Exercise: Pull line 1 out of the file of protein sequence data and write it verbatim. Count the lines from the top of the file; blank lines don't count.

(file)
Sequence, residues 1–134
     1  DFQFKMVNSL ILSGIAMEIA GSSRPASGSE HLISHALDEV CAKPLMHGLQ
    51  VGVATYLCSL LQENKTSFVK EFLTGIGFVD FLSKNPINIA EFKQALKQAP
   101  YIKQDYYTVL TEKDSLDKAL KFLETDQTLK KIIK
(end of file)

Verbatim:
Sequence, residues 1–134